Every day being a gift, or something
Tomorrow, graduate applications for jobs 2015 jobs are due. I’m more or less on top of it– with today and tomorrow to finish things, I should be fine. There are only about 5-6 firms to apply to in any case, so it’s really just perfectionism and paranoia that’s preventing me from handing things in.
I do not think I am designed to live in isolation. Yes, [CM] lives with me– but during the day, she’s at the hospital doing work. During the day… I type. And I type. And then I type some more.
Right now, there are mainly three things on my plate. The first is the College of Law on-line course, which is takes as much time as full time classes in terms of readings and homework. This is a post-degree certification that allows me to apply for the solicitor’s license. Next, my thesis. I’m writing about recent changes in Australian privacy law that changes the conditions that must be met before Australia sends information overseas, and how this relates to similar regimes in Europe. Finally, the last thing on my plate is applications.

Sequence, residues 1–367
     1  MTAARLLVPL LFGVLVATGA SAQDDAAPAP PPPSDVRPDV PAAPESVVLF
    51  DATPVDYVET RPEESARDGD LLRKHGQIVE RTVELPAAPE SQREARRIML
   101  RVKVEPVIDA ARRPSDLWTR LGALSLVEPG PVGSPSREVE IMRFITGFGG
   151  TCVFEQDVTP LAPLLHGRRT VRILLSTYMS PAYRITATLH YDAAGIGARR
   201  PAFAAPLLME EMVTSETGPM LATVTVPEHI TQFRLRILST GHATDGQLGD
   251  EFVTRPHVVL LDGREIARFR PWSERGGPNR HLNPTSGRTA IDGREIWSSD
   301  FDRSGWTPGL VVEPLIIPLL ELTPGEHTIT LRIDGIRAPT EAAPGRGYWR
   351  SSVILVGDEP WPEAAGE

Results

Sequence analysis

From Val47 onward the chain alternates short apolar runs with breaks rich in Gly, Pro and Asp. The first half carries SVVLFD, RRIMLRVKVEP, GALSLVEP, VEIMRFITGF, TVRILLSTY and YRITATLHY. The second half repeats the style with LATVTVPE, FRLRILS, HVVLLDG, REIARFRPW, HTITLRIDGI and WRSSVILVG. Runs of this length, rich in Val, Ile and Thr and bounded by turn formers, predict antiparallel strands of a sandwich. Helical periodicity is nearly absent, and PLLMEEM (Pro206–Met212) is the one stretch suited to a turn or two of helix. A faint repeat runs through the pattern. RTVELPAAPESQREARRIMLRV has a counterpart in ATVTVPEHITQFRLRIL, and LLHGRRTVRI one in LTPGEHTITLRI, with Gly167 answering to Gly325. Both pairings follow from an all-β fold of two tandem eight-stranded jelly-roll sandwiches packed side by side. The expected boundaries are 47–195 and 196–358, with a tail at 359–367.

Of the bunch, I would say that applications are the most tedious of the bunch, because I’ve been grinding at this game for a long time now. In fact, this round of graduate applications is my third time playing this game. Although I haven’t graduated yet, I had two goes at clerkship applications in the past– once last year, and once the year before it. While I am glad that I did make attempts early because it was valuable experience, it’s also getting to the point where honestly, there’s not much more about my game that I can improve. Someone just have to give me a chance.